Wrong-Minded Denials of Coccyx X-rays by the UK Radiology Directorate, NHS Foundation Trust

Apparently, in the United Kingdom, the National Health Service (NHS) has radiology protocols that explicitly deny the usefulness of tailbone x-rays (coccyx radiographs, xrays) for patients suffering with tailbone pain (coccyx pain, coccydynia).

A person in the UK who suffers from tailbone pain sent me the following link: (As of Feb-11-2018, this PDF can be downloaded using the Google Chrome browser, but not with the Firefox browser.)

Here are the relevant parts of the 220-page protocol, (the ALL-CAPS parts are theirs!) which specifically address coccyx pain:



Page 14 of 220:

Coccyx [x-rays]
Not routinely indicated. Normal appearances often misleading and findings do not alter management. (RCR guidelines 1998)

Page 41 of 220:

Pain with suspected tumour or infection
AP 15 (Cranial)
Trauma to Coccyx – X-rays not indicated as it will not alter patient management.

 Dr. Foye’s response:
  • I think that their protocol is severely misguided and shows a lack of understanding of coccyx pain and a lack of compassion for those who suffer from it.
  • The radiology protocols also suggest that clinicians in the UK would not know how to make useful decisions and treatment plans based on the x-ray results. The protocol is essentially implying that in the UK their medical doctors, chiropractors, physical therapists, etc., are too ignorant of how to use the x-ray results, so let’s ban the x-rays from being done in the first place. By contrast, I believe and I know that there are indeed clinicians in the UK who are well aware of how to make important treatment decisions based on the x-ray results.
  • In 2016, I (Dr. Foye) previously addressed a similar nihilist attitude that a radiology journal had published against the use of coccyx x-rays in hospital Emergency Departments.
  • To their credit, the journal published my response (here is that Link: https://www.ajronline.org/doi/abs/10.2214/AJR.16.16542), where I offered the following critiques. The point that I raised, shown below, also apply to the NHS radiology protocols:
    • “Did they include sacrococcygeal collimation (i.e., coned-down views to obtain clearer bony definition), which is especially important for the small coccygeal bones?
    • Did their sacrococcygeal imaging include sitting-versus-standing lateral radiographs, without which the researchers would be unable to diagnose coccygeal dynamic instability, which is one of the most common causes of coccyx pain?
    • Instead of eliminating sacrococcygeal radiographs for patients in the emergency department, perhaps we should focus on improving sacrococcygeal radiography.”
    • “Meanwhile, the authors suggest that the imaging results do not affect treatment. However, their own study shows that patients without positive imaging studies receive fewer analgesic medications.”
    • “Unaddressed issues included patients’ emotional distress from not knowing the cause of their pain or feelings of whether the treating physicians were dismissive or unbelieving of the patients’ injuries.”
    • “Furthermore, accurate diagnosis creates individualized treatment options, such as fluoroscopically guided injections targeting the specific site of injury or nasal calcitonin treatment of acute fracture of a coccygeal vertebral body.”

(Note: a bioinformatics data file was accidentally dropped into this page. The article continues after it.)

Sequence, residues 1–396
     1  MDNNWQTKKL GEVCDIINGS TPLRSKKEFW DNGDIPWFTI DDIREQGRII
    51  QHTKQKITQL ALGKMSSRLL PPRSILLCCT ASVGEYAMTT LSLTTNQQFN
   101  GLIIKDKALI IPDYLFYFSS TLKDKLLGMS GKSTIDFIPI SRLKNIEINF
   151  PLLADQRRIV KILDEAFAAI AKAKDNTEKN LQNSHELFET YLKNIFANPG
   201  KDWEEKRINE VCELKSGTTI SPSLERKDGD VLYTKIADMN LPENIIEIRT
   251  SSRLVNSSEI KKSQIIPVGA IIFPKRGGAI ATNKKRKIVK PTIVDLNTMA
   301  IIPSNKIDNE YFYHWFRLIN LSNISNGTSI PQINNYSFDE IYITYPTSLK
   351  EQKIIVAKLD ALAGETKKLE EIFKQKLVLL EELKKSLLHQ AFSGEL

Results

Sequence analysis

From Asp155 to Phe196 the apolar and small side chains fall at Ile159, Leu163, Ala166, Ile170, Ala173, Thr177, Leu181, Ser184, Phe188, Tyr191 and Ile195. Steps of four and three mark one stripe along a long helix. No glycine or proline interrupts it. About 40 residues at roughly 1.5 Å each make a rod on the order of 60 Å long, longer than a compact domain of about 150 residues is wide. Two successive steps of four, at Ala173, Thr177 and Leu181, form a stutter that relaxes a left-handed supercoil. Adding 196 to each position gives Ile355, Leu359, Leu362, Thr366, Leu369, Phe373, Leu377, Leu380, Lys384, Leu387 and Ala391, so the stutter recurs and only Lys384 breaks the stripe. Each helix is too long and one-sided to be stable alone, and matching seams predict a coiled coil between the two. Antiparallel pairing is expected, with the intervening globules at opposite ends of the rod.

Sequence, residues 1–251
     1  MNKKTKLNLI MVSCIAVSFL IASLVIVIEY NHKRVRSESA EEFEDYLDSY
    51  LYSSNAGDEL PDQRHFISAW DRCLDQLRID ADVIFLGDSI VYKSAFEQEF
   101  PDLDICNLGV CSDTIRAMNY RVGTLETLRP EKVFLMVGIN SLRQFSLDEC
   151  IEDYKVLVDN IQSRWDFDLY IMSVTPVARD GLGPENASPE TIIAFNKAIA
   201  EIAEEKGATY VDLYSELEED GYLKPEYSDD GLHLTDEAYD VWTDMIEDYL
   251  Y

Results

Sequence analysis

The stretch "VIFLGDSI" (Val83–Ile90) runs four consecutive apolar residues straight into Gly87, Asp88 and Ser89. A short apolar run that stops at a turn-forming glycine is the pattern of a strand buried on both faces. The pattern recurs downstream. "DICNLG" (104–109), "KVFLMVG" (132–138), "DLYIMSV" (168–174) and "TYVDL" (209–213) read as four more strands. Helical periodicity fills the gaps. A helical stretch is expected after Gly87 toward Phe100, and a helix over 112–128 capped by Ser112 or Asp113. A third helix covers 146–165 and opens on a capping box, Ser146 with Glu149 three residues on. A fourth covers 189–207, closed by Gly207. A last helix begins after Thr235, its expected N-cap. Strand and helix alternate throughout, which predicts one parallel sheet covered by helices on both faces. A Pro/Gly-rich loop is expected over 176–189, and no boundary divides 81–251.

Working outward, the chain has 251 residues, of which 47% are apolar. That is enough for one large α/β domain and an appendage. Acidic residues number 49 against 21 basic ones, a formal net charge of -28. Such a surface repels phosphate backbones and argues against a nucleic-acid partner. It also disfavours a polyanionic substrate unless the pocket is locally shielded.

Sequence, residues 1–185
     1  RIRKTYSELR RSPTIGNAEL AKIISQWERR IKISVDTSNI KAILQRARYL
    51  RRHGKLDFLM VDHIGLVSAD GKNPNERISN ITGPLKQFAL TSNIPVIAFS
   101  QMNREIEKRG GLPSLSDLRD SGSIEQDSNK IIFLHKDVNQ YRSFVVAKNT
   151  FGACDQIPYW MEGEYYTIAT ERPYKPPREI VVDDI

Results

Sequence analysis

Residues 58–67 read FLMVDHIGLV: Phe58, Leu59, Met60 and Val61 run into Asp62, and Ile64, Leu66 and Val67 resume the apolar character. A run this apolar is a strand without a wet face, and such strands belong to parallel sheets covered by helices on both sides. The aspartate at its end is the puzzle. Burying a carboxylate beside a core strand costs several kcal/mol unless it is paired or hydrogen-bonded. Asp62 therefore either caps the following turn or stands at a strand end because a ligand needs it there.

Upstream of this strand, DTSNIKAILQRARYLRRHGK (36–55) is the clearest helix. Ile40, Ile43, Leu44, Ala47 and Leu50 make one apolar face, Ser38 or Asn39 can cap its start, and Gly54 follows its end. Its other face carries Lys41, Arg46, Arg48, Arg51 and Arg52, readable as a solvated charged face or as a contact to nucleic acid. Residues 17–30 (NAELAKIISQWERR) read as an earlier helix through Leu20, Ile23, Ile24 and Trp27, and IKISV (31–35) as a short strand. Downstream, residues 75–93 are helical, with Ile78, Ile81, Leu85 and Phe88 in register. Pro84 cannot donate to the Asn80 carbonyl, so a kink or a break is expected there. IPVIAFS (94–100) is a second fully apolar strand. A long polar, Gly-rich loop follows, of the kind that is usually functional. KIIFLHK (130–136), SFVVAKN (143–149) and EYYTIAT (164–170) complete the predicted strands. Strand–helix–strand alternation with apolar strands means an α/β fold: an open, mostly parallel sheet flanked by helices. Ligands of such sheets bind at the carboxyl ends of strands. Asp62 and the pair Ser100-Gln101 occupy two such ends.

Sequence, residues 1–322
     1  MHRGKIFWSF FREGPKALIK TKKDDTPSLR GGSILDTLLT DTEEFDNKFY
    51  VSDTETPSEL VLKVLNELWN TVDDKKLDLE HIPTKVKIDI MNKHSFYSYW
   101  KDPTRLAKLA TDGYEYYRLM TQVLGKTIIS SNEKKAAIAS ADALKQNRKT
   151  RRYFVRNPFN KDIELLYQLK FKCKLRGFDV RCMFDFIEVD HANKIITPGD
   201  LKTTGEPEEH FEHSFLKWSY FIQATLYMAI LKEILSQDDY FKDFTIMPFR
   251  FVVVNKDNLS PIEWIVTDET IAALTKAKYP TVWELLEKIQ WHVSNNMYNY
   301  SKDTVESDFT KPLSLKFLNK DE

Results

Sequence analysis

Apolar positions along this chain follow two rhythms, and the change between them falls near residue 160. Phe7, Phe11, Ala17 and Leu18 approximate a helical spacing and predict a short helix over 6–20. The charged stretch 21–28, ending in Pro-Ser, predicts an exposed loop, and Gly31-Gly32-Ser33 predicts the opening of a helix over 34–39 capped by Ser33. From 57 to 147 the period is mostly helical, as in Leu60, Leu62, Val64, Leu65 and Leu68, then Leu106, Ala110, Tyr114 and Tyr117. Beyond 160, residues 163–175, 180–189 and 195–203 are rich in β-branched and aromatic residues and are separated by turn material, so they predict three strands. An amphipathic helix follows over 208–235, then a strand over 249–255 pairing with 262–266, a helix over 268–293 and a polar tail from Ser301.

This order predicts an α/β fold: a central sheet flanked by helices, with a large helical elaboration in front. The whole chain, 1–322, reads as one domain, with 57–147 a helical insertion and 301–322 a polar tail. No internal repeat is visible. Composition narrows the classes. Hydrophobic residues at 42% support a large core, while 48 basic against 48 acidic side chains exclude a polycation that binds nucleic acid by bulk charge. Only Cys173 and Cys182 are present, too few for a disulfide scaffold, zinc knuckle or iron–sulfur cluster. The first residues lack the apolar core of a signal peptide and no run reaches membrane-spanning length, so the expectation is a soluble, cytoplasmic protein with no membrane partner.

• “In summary, rather than eliminating sacrococcygeal radiography, we believe clinicians should focus on improving how these studies are performed, interpreted, and acted on.”

Screen-capture from Dr. Foye’s 2016 publication on the usefulness of coccyx x-rays in patients with tailbone pain:

X-rays ARE useful for coccyx pain, tailbone pain, explained by Dr Foye, 2016 AJR

X-rays ARE useful for coccyx pain, tailbone pain, explained by Dr Foye, 2016 AJR

Screen-captures from the UK’s Radiology Protocol document (from the publicly-available PDF that was downloaded from the link above) are below:

NHS Cover Page, Radiology Guidelines

NHS Cover Page, Radiology Guidelines

NHS, Radiology HEADING

NHS, Radiology HEADING

NHS, Radiology Protocol Advised AGAINST Coccyx Xrays

NHS, Radiology Protocol Advised AGAINST Coccyx X-rays

NHS, Sacrum Radiology Protocol Advised AGAINST Coccyx Xrays

NHS, Sacrum Radiology Protocol Advised AGAINST Coccyx X-rays

Patrick Foye, M.D.
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1 comment to Wrong-Minded Denials of Coccyx X-rays by the UK Radiology Directorate, NHS Foundation Trust

  • Jacqui Hodges

    Thank you for writing this article on the links I sent. I think it explains perfectly how the protocol on coccyx X-rays is ‘’misguided’’ here in the UK.
    No wonder it is such an uphill battle for many of us here to get diagnosis and correct treatment. It takes its toll physically and mentally, and is so upsetting to be told ‘’ there is no point x-raying as treatment will be the same’’ (ie. not specifically tailored to treat what is wrong!)
    I found it very hard to get my specialist to even refer me for coccyx x-rays (I was sent for X-ray AFTER 2 blind injections with MUA) – I was so upset when radiology flatly refuse to do them .
    And yes, definitely yes, the quality of X-rays needs improving by using better techniques. My coccyx could not even be seen (at all) on the one I had done several years ago. Hopefully with expert opinions like yours, and an article out there about this, things might change here. I am wondering if I could start a petition to get these rules looked at and hopefully changed.

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